Archbishop of Westminster Vincent Nichols attacks immigration targets.
Vincent Nichols, Archbishop of Westminster :
I have witnessed the trauma our supposedly pro-marriage government is inflicting on thousands of families and their children
'Recently I met a group of people who were so traumatised that at times they found it difficult to speak. It was a harrowing meeting, although a necessary one. Those who are so distressed find great help in being listened to. But I was left feeling helpless, such is their plight.
'The people I met are all victims of the new regulations regarding foreign spouses of British nationals coming to live in the United Kingdom. These new immigration rules were introduced in July 2012 and are ruthlessly applied against British citizens seeking to establish a marital home here.
'The people I met were citizens of this country, holders of British passports. All of them, however, were broken-hearted because they were not permitted to bring their wives or husbands to live here. In each case there was going to be no call on the public purse – in fact each excluded spouse would be an earner and a taxpayer, not a benefits claimant. Yet protection of the public purse is the constant argument from our government on limiting immigration. From what I was being told, this argument is false and misleading...'
'The most senior Catholic in England and Wales has branded the government's pursuit of immigration targets as "inhumane" and warned that rules preventing foreign spouses of UK citizens from settling here was damaging the development of thousands of British children.
'In a rare political intervention, Vincent Nichols, the archbishop of Westminster, urged the government to change a policy introduced last summer that prevents British people living with spouses who come from outside the European Union unless they can show an annual income of at least £18,600, well above the £12,855 of the minimum wage.
'The measure was a scandal, Nichols said, adding: "Anyone truly concerned for the family as the building block of society, and realistic about the mobility of British people today, must see both the folly of this policy and how it is an affront to the status of British citizenship.
"The government's intention with these new regulations is to cut the number of immigrants from outside the European Union," Nichols writes in Monday's Guardian. "But in doing so, is it the government's intention to penalise British citizens? To undermine marriages and to split up families?
'... Nichols's attack on the coalition's immigration policies comes amid MPs' deliberation of an immigration bill, which is at the committee stage in the Commons. He spoke after a meeting at his Westminster residence with British passport-holders affected by the ruling. He said they were so traumatised and "broken-hearted" that at times they found it difficult to speak. (Ed. : I was there. It was very mentally and emotionally draining).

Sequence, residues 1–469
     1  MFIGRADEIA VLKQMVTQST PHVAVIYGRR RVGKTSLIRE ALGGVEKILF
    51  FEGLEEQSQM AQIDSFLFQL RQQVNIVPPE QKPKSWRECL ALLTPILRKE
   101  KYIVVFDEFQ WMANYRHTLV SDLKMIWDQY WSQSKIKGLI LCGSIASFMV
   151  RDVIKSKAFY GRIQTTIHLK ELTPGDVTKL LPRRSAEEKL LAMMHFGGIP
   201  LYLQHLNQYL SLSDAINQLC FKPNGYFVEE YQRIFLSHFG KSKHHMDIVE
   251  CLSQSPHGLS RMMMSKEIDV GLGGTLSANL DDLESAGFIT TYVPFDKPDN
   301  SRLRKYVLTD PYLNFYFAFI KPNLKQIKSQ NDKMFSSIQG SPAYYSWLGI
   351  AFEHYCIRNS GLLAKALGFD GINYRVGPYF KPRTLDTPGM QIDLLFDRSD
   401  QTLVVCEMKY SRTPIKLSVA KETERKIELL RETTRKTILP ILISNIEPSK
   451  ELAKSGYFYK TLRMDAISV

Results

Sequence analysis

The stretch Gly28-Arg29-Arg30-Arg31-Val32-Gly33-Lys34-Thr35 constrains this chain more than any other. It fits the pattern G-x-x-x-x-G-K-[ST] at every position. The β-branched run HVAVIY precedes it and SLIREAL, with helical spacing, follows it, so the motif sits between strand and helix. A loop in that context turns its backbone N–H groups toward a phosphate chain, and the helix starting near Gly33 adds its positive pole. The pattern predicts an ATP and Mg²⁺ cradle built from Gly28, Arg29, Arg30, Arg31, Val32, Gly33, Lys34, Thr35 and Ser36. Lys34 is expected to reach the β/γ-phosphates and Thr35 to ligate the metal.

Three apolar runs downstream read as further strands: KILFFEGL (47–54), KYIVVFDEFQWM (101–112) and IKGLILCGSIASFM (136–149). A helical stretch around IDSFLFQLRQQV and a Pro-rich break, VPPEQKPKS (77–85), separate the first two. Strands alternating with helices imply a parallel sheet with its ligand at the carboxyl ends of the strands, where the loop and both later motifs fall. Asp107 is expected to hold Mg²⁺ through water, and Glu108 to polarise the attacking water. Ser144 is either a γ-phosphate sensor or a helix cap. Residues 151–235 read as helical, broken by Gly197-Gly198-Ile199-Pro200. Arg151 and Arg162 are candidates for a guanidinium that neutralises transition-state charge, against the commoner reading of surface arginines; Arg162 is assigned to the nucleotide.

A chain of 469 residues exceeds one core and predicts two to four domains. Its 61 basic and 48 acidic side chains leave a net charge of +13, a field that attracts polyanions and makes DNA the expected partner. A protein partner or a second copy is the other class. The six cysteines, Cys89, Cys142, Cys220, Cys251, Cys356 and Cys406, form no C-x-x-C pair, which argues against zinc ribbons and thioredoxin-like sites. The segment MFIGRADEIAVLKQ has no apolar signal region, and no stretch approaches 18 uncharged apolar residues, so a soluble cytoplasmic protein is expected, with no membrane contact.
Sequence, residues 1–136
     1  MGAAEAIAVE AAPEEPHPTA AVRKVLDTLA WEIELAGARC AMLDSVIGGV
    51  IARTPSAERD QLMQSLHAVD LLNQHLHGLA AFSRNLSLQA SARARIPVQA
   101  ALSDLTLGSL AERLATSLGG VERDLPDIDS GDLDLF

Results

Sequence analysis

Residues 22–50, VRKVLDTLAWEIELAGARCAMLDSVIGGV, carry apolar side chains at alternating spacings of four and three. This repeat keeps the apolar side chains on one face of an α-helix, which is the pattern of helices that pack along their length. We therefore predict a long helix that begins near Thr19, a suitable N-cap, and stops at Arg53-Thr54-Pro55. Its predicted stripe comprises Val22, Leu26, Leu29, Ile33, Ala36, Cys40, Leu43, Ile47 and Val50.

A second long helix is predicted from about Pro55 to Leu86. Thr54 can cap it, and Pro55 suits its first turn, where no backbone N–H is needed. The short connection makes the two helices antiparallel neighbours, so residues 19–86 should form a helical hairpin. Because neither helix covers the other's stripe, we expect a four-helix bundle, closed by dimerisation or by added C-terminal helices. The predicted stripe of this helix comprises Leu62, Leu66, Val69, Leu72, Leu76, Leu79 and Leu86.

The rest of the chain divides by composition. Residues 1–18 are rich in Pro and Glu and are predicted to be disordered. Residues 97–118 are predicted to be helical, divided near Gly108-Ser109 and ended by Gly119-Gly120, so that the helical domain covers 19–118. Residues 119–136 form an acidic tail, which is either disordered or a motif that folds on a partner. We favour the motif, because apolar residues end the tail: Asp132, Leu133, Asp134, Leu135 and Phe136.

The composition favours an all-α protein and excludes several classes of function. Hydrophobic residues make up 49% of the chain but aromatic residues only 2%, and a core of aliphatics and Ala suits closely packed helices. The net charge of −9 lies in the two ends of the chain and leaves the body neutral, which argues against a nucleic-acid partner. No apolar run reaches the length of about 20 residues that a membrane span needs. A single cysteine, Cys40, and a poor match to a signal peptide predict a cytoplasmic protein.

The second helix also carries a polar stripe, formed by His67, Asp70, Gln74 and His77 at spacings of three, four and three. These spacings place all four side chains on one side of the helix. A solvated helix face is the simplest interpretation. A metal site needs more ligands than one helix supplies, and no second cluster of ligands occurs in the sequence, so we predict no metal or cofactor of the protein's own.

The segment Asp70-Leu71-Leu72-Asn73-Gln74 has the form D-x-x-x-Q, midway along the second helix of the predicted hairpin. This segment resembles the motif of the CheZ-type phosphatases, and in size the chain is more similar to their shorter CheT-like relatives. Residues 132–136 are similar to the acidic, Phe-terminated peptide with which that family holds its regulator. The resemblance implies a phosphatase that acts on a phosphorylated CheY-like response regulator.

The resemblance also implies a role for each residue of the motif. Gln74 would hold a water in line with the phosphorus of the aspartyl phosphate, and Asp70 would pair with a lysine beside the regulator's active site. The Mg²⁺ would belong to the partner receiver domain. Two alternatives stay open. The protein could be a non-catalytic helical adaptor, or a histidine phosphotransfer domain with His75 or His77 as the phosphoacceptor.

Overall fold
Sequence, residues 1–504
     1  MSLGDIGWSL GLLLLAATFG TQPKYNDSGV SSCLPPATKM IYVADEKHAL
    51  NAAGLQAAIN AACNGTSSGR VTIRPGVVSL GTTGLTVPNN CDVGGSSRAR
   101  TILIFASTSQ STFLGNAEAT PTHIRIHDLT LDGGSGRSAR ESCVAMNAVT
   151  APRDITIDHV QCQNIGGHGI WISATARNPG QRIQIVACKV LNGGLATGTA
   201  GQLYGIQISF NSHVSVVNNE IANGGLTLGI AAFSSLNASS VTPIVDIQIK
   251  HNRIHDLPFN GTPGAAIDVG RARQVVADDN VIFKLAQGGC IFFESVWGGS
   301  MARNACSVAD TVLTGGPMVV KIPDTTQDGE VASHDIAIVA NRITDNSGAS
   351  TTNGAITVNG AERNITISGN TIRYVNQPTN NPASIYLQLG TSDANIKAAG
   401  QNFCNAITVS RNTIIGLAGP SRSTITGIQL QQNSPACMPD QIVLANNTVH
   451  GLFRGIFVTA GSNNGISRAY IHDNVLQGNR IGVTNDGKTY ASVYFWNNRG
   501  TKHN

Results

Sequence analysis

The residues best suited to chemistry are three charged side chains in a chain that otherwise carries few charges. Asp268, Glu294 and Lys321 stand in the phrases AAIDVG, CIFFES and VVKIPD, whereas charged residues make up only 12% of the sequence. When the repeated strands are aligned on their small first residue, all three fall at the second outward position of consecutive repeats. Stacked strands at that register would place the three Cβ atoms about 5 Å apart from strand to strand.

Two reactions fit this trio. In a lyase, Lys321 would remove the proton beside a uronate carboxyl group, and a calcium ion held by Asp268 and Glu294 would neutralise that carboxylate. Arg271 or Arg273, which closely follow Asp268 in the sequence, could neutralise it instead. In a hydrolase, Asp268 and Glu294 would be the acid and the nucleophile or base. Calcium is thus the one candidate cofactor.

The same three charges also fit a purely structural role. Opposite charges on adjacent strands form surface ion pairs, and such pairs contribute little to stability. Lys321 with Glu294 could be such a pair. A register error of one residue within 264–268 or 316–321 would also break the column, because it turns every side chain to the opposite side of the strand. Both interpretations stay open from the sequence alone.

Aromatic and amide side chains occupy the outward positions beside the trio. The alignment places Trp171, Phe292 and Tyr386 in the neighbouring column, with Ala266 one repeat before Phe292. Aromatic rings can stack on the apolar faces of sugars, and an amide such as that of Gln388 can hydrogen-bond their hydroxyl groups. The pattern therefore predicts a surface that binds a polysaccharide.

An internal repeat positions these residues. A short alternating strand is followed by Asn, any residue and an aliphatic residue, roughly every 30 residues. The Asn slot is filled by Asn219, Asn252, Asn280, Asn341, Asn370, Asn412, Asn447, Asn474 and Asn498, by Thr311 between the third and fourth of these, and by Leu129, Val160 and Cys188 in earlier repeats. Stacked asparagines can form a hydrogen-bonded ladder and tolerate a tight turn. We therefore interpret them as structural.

'In each case the spouse who was prevented from coming to the UK was not going to be drawing any benefits, Nichols said, which he said suggested to him the government's argument that immigration must be constrained to safeguard the public purse was "false and misleading".
'This summer, the all-party parliamentary group on migration chaired by the Liberal Democrat peer Lady Hamwee published a report into the new system that concluded there was "a strong case for these rules to be reviewed". It took evidence from 45 families whose inability to meet the income requirement had led to the separation of children, including British children, from a non-European parent or wider family members.
'Jan Brulc, a spokesman for the Migrants' Rights Network, which introduced victims of the policy to the archbishop, said it has heard from more than 200 families adversely affected by the new rule. The Home Office's own impact assessment indicated as many as 17,800 families could be affected.
'... The shadow home secretary, Yvette Cooper, called for a swift review of the policy. "When people bring family back to this country they do need to make sure they can support each other," she said.
"But the government were warned that the inflexibility of their system would lead to unfairness and injustice. For example if a British citizen is working part-time or at home looking after children they can be unable to bring a spouse back to Britain even if they are earning far more than the threshold and could easily support the entire family. The real problem is that Theresa May's net migration target treats all migration the same and doesn't distinguish between different types of immigration or look at the impact."